Leading e-exam portal inaccessible for blind and partially sighted students
Thomas Pocklington Trust (TPT) tested the Online, Moderated and Open modes of the Inspera e-assessments and found the portal versions of the platform are inaccessible with the software blind and partially sighted students need to complete the work.
The move to online assessments as a result of Covid has caused huge issues for many blind and partially sighted students. Exam platforms that are not compatible with the software visually impaired students need to read have meant many have been unable to complete their exams.
TPT has been working with universities and advocating for students who have found themselves in this position.
After the charity supported one of their students, a university approached TPT and asked it to test the Inspera platform it was using for its virtual exams and assessments.
The tech team at TPT tested the Online, Moderated and Open modes of the Inspera e-assessments for compatibility with the three main software used by many blind and partially sighted students – JAWS screen reading software, ZoomText magnification software and Fusion screen reading and magnification software.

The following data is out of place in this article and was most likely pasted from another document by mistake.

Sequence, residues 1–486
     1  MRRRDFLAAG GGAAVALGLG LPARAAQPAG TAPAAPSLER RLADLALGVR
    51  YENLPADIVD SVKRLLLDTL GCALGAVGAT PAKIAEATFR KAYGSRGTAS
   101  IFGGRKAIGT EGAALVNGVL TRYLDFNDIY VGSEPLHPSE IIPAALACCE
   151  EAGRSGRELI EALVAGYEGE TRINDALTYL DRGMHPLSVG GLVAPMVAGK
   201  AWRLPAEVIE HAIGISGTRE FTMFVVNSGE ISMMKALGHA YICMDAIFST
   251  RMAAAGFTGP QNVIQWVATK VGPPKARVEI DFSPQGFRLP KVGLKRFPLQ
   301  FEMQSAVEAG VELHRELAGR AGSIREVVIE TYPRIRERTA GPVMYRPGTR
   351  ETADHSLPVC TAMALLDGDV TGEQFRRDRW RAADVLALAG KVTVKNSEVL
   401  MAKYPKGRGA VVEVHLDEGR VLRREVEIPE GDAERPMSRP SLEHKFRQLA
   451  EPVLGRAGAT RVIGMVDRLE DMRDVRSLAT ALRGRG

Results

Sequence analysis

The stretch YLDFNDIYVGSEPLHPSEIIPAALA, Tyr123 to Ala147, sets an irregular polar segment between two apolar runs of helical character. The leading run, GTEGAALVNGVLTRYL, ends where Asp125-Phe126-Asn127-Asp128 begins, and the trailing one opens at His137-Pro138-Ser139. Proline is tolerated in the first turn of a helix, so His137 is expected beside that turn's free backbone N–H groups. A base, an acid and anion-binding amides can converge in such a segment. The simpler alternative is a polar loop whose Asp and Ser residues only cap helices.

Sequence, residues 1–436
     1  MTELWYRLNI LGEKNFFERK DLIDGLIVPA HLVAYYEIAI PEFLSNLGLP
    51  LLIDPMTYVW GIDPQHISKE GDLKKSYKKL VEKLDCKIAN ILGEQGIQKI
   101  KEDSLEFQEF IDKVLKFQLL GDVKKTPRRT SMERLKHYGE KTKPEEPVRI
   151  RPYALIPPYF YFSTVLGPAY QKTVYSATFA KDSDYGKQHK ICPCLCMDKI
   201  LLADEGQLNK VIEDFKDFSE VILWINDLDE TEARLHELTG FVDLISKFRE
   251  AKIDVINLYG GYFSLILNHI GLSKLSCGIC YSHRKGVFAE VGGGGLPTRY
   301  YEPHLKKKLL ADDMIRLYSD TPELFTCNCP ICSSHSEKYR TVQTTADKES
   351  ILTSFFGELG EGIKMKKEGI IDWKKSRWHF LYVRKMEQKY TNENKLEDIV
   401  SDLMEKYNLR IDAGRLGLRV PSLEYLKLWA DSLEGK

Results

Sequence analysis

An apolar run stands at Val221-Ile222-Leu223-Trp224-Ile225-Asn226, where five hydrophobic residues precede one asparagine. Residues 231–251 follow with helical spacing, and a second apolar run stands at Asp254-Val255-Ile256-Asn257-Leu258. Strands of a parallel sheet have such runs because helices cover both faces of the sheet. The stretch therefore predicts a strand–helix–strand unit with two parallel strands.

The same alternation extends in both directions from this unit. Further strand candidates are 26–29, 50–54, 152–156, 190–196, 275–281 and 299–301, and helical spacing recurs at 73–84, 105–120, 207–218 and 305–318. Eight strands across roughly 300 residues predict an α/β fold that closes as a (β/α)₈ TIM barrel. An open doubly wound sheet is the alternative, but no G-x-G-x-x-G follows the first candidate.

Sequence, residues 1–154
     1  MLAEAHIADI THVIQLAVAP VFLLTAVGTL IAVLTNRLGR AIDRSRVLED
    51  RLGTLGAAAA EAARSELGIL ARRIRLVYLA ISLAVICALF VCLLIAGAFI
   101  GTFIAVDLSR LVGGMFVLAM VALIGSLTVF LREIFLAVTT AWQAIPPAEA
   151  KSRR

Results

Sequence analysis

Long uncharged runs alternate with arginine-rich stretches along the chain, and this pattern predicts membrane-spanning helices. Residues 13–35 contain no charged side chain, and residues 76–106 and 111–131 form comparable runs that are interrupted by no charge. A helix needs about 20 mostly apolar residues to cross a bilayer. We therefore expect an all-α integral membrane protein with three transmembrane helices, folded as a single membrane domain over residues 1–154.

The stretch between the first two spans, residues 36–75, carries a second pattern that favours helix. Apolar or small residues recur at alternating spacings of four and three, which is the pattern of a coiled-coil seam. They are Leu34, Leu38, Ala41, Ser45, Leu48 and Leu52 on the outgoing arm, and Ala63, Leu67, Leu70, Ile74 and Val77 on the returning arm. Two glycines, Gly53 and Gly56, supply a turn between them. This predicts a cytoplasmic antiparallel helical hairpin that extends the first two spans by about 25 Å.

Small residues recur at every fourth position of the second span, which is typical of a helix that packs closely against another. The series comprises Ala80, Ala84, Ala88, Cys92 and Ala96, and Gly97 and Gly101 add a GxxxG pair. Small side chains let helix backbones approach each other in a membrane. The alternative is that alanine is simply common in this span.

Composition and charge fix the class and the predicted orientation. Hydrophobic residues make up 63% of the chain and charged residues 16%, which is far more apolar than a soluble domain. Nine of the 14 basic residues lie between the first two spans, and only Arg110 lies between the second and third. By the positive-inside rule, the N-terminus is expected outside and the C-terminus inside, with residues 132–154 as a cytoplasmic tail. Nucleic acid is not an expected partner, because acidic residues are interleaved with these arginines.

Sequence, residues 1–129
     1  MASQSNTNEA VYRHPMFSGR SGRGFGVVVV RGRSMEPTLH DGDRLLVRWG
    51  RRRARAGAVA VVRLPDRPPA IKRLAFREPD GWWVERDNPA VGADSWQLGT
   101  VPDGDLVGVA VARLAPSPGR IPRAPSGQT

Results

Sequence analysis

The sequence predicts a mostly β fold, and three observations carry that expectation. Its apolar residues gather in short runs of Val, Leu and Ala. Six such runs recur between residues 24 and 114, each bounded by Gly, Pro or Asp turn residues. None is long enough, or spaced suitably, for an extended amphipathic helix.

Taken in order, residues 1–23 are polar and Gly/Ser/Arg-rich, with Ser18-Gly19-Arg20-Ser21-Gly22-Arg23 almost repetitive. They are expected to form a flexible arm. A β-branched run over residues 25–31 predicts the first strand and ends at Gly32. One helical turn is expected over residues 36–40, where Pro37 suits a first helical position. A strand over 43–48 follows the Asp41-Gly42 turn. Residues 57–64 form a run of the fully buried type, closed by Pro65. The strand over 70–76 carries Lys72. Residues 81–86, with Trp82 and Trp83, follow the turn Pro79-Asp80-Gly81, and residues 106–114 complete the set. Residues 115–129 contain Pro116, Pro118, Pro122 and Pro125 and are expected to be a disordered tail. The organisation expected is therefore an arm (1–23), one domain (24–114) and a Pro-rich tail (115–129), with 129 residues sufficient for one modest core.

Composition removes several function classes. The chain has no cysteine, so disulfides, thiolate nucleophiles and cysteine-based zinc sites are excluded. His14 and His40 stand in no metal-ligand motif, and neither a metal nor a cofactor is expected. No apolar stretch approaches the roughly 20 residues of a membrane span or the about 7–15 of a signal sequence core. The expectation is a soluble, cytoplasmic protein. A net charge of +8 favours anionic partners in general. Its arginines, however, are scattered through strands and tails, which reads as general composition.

In its report the team makes recommendations universities can implement to support students but the main conclusion was that functionality on the portal versions of the platform is inaccessible with the software blind and partially sighted students need to complete the work.
Tara Chattaway, Head of Education at TPT, said: “We do not have data on how many universities are using the Inspera platform but on its website, Inspera claims to be the leading European e-assessment provider – so these findings are of real concern to us.
“We call on all universities to ensure that remote learning platforms are accessible. TPT has created guidance on this and we urge universities to read this. It covers essential points, including accessibility testing, academic support, regulatory bodies, proctored exams, addressing inaccessibility and supporting students through remote exams.”
She continued: “From our accessibility testing of Inspera, our overall recommendation to universities is that – while it is not perfect – the web-based ‘Online’ version of the software is more accessible and the portal should be avoided from an accessibility point of view.”
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